Graduate Thesis Or Dissertation

 

Terahertz imaging and spectroscopy of carbon-based and semiconductor nanostructures Public Deposited

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https://ir.library.oregonstate.edu/concern/graduate_thesis_or_dissertations/pc289n121

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  • This thesis will cover work that I have completed relating to the field of terahertz (THz) science. My work has consisted of generating tunable, narrowband THz pulses in a table-top optical setup and using both narrow- and broadband THz pulses to study various material systems. Broadband THz pulses were used to study the transmission properties of a large-area graphene monolayer and vertically grown carbon nanotube forests. We performed raster scans to image our optically invisible graphene sample, which was clearly distinguished from its silicon substrate. From these studies, we were able to calculate the sheet conductivity/resistivity of the graphene using a contactless, non-damaging method that is immune to difficulties arising from local defects within the sample. It also opens up the possibility of studying the material properties of a sample enclosed within certain structures without having to remove the sample and/or damage the encasement. Further, we have discovered that vertically grown carbon nanotubes respond strongly to THz radiation. Preliminary simulations suggest that they respond in a very counterintuitive way and while much remains to be done before we can state with certainty exactly what is physically occurring, the prospect of uncovering such an unanticipated result is tantalizing on its own. I used difference frequency generation of orthogonal, temporally offset, chirped optical pulses to create our narrowband THz pulses. The variable time delay between these pulses was used to adjust the pulse's central frequency. THz time domain spectroscopy and calorimeter-based measurements were used to study the temporal and spectral composition and field strength of the THz pulses. These pulses, along with their broadband counterparts, were used to study electron dynamics within semiconductor nanostructures, both bare quantum wells and quantum wells grown inside of a microcavity. The dynamics of exciton and exciton-polariton polarizations were studied while intense THz pulses were used to modulate their resonances and coherently control their transitions.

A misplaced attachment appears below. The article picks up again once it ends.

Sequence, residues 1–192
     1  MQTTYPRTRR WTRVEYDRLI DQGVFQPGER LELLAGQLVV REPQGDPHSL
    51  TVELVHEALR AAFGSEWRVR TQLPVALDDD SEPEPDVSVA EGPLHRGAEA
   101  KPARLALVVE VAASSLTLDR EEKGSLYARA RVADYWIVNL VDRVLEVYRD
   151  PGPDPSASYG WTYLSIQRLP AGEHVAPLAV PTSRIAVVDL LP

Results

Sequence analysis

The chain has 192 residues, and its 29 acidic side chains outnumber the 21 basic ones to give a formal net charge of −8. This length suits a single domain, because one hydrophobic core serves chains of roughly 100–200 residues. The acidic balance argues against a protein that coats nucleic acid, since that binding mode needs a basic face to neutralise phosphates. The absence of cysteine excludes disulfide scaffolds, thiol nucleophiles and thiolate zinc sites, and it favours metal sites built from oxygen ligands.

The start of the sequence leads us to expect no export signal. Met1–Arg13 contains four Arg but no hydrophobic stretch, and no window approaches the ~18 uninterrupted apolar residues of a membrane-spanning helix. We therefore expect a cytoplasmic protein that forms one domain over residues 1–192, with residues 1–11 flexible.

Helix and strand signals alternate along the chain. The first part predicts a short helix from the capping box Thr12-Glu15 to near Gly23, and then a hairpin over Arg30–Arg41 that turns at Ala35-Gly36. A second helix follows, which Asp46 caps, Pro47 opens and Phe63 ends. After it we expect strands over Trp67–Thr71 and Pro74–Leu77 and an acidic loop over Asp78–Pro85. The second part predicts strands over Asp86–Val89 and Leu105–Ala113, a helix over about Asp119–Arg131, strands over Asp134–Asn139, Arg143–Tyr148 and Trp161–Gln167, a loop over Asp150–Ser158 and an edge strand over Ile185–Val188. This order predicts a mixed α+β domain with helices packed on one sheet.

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  • description.provenance : Approved for entry into archive by Laura Wilson(laura.wilson@oregonstate.edu) on 2011-10-04T21:25:02Z (GMT) No. of bitstreams: 1 TomainoJosephL2011.pdf: 5955574 bytes, checksum: c1425cbaa0d9f15645071832d9dda919 (MD5)
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